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☛ La machine animale: locomotion terrestre et aérienne by Étienne Jules-Marey, Paris: Germer Baillière, 1873, p. 31 (The original French copy hosted by Google Books is the Elibron Classics Replica Edition, itself an unabridged facsimile of the edition published in 1873) Public Domain.
Best known for his key participation in the development of chronophotography (which in turn helped spring the invention of a variety of cinematographic apparatus), French scientist Étienne Jules-Marey is also credited for perfecting Hermann von Helmholtz’s myograph. A myograph is a device capable of recording the force generated by a contracting muscle (see explanations and diagram over at the University of New Mexico). Here’s how Jules-Marey descibes the above illustration (from the English edition also Public Domain):
In Fig. 3 the frog is represented in the experiment, fixed, by means of pins, on a piece of cork.
The brain and spinal marrow have been previously destroyed, so as to extinguish all voluntary movement and sensibility. Although, to all appearance, the animal is dead, it will nevertheless retain for several hours the circulation of the blood, and the power of motion under the influence of electric discharges. An electric excitator conveys the current from an induction coil to the nerve of the frog.
In order to register these movements and to depict them by curves which express their different phases, they are transmitted to the myograph in the manner already described. The tendon of the muscle is cut, and connected by a wire which is fastened at the other end to the lever of the registering apparatus; the latter moves in a horizontal plane, when the contractile force of the muscle is exerted upon it. As soon as the muscle cease to act, the lever returns, under the pressure of a spring, to its original position. At the free extremity of the lever is a point which traces, on a turning cylinder covered with smoke paper, the motions produced by the alternate contraction and relaxation of the muscle. (pp. 32-33)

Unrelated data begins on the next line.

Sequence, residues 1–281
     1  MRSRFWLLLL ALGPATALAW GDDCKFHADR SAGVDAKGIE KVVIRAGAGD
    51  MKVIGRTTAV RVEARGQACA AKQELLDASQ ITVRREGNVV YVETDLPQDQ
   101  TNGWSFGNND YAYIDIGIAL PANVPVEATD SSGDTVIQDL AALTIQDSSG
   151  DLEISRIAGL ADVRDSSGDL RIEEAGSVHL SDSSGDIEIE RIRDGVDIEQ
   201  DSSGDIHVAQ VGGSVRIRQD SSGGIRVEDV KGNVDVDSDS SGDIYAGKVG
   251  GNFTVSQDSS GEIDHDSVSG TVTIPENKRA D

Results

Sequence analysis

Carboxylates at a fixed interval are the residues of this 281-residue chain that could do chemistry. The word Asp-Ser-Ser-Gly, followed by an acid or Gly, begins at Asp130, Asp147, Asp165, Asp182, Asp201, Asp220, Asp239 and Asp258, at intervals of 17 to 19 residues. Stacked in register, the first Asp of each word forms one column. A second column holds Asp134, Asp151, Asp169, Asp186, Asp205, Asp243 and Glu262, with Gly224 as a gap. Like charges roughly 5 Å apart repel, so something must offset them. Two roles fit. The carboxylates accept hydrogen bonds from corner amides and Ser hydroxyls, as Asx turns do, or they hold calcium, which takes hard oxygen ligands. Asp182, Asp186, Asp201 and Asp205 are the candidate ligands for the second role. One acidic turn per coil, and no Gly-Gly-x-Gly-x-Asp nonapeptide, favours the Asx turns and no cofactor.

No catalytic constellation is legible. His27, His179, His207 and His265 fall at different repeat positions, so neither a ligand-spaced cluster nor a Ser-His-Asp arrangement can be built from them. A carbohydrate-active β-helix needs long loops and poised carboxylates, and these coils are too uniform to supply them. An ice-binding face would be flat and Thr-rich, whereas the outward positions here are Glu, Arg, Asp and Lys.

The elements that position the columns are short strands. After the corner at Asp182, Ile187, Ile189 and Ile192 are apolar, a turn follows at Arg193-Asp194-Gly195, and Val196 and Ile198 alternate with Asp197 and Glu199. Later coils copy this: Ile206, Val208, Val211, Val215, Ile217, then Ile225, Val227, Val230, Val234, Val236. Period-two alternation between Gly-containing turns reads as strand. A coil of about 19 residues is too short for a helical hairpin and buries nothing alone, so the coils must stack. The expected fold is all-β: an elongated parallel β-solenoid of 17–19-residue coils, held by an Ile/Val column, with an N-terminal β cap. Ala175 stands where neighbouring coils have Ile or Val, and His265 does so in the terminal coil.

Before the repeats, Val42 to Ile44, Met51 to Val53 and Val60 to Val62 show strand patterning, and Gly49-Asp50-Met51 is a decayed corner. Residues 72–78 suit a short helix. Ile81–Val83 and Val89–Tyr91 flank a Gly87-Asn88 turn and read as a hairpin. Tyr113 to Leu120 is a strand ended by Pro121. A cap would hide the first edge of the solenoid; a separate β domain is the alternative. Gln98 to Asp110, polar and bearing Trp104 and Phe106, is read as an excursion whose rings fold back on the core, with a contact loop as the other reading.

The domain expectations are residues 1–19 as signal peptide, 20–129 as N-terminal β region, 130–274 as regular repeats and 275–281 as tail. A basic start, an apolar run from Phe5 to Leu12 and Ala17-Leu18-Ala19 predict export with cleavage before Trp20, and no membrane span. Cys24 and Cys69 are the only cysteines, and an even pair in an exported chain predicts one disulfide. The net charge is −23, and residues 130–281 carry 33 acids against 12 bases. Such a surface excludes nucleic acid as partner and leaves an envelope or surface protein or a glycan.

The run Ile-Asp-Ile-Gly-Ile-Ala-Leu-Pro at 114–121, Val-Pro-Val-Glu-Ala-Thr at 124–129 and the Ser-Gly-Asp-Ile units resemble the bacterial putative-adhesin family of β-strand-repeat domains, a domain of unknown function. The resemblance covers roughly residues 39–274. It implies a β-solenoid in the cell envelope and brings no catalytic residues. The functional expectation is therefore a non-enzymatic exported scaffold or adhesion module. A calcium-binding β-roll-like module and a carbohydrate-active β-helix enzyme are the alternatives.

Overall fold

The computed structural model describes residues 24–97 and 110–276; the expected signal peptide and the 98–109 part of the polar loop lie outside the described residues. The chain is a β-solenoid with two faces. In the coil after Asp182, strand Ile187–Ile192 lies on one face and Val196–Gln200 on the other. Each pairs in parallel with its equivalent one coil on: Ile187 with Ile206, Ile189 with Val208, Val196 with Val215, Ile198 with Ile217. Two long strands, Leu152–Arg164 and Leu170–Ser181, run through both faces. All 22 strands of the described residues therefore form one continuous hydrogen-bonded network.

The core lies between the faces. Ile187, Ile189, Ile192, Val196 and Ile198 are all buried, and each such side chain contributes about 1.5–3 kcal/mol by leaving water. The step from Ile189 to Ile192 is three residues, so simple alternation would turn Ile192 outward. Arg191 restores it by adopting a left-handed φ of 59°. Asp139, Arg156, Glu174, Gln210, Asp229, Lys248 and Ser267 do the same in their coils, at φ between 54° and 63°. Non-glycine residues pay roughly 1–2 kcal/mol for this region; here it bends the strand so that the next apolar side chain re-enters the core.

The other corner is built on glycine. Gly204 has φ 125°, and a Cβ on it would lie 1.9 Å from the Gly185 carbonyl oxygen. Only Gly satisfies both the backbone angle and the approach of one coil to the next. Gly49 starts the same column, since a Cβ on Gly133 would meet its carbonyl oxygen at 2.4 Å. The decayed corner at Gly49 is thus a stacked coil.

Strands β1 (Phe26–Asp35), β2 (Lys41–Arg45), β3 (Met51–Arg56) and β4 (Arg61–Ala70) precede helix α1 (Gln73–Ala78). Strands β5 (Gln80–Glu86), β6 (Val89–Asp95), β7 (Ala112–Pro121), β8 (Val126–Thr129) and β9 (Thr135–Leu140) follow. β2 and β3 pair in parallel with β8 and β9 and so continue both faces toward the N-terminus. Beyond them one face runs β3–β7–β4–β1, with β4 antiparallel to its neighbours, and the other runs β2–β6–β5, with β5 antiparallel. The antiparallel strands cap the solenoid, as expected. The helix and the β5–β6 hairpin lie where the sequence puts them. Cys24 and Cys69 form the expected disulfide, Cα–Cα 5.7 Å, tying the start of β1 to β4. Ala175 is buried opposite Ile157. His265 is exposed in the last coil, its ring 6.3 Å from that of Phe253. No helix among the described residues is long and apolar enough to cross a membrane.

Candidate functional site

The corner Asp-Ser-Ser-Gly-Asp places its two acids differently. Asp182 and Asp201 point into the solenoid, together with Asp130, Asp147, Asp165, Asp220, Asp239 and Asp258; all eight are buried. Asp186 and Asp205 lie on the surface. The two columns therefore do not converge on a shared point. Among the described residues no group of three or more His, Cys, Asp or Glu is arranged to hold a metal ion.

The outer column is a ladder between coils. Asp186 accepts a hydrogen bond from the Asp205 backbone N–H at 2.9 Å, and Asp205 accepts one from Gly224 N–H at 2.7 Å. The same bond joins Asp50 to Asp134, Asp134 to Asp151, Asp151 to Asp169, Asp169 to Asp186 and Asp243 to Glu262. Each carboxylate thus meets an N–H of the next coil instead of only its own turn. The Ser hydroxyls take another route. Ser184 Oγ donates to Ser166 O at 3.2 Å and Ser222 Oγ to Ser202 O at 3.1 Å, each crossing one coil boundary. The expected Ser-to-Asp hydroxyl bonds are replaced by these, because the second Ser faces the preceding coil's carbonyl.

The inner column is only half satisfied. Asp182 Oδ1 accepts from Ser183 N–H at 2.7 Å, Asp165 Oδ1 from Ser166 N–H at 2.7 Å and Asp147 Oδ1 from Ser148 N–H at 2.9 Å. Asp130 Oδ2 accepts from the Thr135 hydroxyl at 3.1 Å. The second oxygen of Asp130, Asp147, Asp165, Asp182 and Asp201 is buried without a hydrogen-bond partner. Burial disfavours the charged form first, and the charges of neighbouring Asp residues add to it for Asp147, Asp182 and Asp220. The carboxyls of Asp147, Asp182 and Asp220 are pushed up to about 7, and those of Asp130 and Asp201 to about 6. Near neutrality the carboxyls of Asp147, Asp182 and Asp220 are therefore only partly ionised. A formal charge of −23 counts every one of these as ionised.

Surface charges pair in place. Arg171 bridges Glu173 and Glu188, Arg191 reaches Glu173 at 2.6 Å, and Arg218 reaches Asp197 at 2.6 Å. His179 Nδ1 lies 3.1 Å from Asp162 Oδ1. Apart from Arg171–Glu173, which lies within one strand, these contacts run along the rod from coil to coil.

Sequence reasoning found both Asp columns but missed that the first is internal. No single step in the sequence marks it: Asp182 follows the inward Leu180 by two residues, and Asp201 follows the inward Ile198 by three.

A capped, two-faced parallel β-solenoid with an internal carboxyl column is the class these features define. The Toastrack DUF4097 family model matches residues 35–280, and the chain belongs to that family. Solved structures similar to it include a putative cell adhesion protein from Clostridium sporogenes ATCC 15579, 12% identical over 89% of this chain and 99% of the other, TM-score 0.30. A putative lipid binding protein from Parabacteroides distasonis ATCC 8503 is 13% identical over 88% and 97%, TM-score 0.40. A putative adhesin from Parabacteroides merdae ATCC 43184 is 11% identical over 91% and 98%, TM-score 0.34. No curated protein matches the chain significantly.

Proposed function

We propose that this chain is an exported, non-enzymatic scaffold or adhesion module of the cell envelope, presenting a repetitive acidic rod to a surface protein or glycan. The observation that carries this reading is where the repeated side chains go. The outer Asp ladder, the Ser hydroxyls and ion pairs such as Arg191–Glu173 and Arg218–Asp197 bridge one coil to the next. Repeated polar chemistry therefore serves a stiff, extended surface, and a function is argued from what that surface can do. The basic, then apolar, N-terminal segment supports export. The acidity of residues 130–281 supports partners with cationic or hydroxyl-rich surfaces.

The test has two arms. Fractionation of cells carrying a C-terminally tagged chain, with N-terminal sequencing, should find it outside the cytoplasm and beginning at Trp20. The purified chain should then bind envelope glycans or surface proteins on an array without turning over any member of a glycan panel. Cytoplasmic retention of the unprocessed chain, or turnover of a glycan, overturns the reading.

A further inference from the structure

The illustration, along with its explicit description, may convey a sense of dread. The placid and calm ways in which Jules-Marey goes on to explain how (part of) a dead animal can be reanimated seem to amplify the apparent monstrosity of the whole experimentation.
And monstrous it is, in a way. The device use to record muscle movements comes many year after the idea to experiment the effect of electricity on dissected animals. This idea was indeed investigated nearly a century before (around 1780-1790) by Luigi Galvani. His experimentations are often cited as a major source of inspiration for Mary Shelley’s Frankenstein (the first edition was published in 1818). They also play an important role in establishing a general but strong relation between life and electricity (take a moment and think about all the characters in all those movies whom are killed by flashy, zigzagging electric arcs).
However, there’s more to the myograph than meets the (horrified) eye. Jules-Marey research is far from being limited to the effect of electricity on dead animals. He was preoccupied by a more general problem, technological as well as epistemological. How is it possible to translate a continuous and dynamic stimuli into discrete, measurable units? The need for such a translation stems from the limit of our five senses: there are phenomena which we are unable to grasp by ourselves. Apparatus and devices are needed in order to understand realities beyond human measure (too fast, too strong, too small, too far away). Such units of measurement represent that which cannot be immediately present to use (be it quantitative or qualitative representation). And therein lies the problem: how to adequately represent something by presenting something else in its place? One could say that this problem is not only a scientific problem (be it biology, physics, semiology or communication) but an artistic one as well. The two examples below illustrate this idea (and close this post on a less morbid note).
First, a photograph by Jeff Wall: “A Sudden Gust of Wind (after Hokusai)” (transparency in lightbox, 2290 x 3770 mm, 1993, © Jeff Wall).
Second, a painting by Mark Tansey: “Action Painting II”, oil on canvas, 193cm x 279.4 cm, 1984.
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See also: Animals in motion: from paleolithic cave paintings to 1,200fps videos
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